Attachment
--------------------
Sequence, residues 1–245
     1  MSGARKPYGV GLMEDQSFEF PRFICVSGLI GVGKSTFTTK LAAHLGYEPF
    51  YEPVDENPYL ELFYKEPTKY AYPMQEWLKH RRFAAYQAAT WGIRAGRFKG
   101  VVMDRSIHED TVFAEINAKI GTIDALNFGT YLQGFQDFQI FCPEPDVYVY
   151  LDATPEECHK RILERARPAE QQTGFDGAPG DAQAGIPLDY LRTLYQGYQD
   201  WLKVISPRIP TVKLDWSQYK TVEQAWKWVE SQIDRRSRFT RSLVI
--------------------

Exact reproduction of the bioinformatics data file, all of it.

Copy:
Sequence, residues 1–245
     1  MSGARKPYGV GLMEDQSFEF PRFICVSGLI GVGKSTFTTK LAAHLGYEPF
    51  YEPVDENPYL ELFYKEPTKY AYPMQEWLKH RRFAAYQAAT WGIRAGRFKG
   101  VVMDRSIHED TVFAEINAKI GTIDALNFGT YLQGFQDFQI FCPEPDVYVY
   151  LDATPEECHK RILERARPAE QQTGFDGAPG DAQAGIPLDY LRTLYQGYQD
   201  WLKVISPRIP TVKLDWSQYK TVEQAWKWVE SQIDRRSRFT RSLVI